Making a lasting and meaningful difference

 thehindu.com  08/02/2020 18:08:45 

A couple of months after Jayalal P. assumed charge as Principal of Government Higher Secondary School, Thanneermukkom, Alappuzha, it became clear he had two options  he could leave the school or things had to change.

The higher secondary wing had a notorious reputation. Most of the students were from disadvantaged families. No good students took permanent admission to Plus One. Substance abuse was rife. The students were undisciplined, and teachers had washed their hands of them. Mr. Jayalal decided to stick around. That was two years ago. It did not take him long to identify the basic problemthe students could be at fault, but the school too had not done enough to show them the right path.

Having been a school Souhrida club coordinator and having attended two training sessions by NIMHANS faculty, Mr. Jayalal was aware of the importance of building a bridge with students. A programme Koode was launched in the school to strengthen teacher-student-parent relationship. He began by meeting students who arrived to seek admission and convince them to stay on. Next, he got teachers to visit the houses of all students and meet their families. Accompanying the teachers were two members of the Kaval programme of the Women and Child Development Department who were providing psychosocial support to students in the aftermath of the floods.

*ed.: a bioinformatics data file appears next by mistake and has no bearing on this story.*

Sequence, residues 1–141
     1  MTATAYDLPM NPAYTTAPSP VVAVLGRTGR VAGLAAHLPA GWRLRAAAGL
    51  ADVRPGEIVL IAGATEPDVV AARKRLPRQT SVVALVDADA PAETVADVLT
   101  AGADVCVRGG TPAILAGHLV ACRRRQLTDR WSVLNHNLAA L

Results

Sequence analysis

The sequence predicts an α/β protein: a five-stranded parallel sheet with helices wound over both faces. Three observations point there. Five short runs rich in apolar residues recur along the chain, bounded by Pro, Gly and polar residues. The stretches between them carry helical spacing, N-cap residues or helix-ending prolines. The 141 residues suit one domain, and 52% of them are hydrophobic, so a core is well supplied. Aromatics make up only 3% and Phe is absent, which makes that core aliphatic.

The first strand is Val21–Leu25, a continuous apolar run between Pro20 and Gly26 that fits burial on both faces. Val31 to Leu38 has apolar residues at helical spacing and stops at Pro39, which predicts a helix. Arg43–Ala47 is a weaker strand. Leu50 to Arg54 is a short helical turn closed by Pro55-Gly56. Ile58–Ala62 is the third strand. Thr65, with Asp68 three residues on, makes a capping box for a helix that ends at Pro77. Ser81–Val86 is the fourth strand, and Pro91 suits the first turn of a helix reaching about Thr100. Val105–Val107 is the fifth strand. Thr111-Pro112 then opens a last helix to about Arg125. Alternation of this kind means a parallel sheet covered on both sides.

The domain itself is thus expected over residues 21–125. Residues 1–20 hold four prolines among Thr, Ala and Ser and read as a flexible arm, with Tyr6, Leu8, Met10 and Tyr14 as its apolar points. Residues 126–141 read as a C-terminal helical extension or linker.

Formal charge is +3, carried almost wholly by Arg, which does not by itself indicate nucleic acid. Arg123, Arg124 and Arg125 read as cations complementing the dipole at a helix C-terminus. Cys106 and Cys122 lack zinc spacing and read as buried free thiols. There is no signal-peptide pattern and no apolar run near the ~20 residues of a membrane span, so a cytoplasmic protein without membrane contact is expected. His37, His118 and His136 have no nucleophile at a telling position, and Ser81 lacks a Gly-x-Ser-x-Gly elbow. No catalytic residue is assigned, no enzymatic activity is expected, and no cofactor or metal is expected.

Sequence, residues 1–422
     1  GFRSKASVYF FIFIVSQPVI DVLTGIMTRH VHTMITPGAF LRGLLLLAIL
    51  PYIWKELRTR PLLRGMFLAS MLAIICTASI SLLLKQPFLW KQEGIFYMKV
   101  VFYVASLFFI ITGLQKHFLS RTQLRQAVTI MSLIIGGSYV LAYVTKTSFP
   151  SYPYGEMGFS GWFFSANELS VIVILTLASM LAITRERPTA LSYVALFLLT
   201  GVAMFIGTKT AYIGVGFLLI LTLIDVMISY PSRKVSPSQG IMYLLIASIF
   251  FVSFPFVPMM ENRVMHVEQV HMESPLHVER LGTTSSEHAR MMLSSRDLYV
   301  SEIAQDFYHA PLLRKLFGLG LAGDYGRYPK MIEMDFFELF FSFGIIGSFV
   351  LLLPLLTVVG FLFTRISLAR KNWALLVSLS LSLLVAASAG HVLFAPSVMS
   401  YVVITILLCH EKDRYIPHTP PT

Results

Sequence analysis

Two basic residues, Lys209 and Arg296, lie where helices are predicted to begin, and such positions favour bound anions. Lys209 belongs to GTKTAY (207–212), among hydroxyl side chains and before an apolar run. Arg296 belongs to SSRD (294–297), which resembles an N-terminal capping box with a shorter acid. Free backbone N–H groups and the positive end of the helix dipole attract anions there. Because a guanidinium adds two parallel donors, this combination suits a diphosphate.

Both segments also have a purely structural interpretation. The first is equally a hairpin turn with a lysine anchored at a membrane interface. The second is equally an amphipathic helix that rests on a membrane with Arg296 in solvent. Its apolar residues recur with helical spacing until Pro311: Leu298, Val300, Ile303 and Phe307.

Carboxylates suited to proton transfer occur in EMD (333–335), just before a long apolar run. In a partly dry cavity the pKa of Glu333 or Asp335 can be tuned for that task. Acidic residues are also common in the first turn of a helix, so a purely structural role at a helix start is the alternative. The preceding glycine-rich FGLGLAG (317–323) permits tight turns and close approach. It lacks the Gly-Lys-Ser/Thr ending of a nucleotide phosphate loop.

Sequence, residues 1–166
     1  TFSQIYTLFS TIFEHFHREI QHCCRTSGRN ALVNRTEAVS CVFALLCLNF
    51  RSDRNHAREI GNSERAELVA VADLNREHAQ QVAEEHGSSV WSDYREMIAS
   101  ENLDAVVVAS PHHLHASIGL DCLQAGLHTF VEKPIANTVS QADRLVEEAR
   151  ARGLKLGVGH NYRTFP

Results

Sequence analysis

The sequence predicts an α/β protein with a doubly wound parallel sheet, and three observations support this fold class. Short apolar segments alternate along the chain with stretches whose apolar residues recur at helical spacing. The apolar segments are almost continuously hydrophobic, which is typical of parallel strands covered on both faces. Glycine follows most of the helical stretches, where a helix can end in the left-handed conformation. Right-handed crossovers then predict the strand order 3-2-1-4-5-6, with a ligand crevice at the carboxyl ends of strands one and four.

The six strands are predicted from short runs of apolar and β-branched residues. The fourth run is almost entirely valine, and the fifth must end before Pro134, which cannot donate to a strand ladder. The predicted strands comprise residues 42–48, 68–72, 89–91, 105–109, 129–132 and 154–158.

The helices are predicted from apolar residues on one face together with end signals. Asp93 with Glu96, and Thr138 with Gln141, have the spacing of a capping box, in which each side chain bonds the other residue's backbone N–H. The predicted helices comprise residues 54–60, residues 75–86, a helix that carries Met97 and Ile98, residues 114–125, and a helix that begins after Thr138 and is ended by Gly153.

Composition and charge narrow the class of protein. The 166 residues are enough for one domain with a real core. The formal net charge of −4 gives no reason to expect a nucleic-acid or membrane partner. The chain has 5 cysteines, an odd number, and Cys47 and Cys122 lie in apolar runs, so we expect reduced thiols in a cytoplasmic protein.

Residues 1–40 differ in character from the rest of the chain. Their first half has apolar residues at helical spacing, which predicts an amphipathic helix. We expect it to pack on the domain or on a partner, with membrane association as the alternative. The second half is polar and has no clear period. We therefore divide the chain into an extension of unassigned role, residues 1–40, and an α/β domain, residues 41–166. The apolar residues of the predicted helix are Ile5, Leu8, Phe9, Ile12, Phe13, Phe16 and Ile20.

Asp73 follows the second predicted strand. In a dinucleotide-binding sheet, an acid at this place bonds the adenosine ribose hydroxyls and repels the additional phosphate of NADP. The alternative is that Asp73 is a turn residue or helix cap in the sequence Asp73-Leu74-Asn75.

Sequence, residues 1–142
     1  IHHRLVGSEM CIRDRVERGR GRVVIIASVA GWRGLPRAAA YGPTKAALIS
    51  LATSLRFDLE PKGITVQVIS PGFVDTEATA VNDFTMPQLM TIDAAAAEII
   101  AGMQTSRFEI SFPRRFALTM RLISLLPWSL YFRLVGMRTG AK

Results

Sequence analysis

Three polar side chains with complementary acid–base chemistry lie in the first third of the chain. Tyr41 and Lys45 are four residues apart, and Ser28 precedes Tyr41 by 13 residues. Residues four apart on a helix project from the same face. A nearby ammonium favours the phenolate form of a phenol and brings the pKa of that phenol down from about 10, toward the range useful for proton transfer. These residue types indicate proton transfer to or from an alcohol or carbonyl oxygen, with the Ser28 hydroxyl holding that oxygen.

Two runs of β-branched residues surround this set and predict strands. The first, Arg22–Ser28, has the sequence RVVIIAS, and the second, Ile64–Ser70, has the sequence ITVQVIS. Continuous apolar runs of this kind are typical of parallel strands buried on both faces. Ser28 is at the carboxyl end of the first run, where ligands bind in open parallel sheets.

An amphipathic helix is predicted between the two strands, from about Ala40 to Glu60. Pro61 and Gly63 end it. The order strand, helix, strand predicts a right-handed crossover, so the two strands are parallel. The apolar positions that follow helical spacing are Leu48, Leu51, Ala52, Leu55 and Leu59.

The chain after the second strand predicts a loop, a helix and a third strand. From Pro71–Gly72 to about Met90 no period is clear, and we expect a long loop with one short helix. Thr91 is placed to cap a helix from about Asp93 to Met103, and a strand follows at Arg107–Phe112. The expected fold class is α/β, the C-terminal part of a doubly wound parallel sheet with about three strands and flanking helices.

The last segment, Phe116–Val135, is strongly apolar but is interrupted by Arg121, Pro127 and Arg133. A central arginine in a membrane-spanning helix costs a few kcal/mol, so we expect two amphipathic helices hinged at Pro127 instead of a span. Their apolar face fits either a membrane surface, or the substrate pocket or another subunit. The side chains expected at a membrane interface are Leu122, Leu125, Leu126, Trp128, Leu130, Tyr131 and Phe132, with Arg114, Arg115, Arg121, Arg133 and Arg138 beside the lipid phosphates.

The home visits sparked a change in the attitude of the teachers. A teacher orientation session on understanding adolescence, led by the Kaval coordinator, was held. Then, parents were invited to an activity-based session based on a NIMHANS module with the help of the Kaval team. As the parents ties with the school started improving, so did that of the school with students.

The children began opening up to the teachers. They were given life-skills training by the Kaval team. Those who required counselling for substance abuse were provided that with the help of the Excise department and the District Child Protection Unit. Many students were able to kick the habit and focus on studies. Besides the parent-teacher association, the school roped in the local people and set up a jagratha samithi with their help.

This year, the schools pass percentage in the Plus Two examinations is 75%, a good increase from 53% earlier. Two students have secured full A + too. Today, a lot of what has been envisaged under Koode has been achieved. But there is still some way to go. More parental training is needed so that they do not label the students and destroy their confidence, says Mr. Jayalal.

The two students, Sayoogya Satheesh and Anupama Rajendran, have beautiful memories of the school and how the years they spent there left an indelible impression on them.

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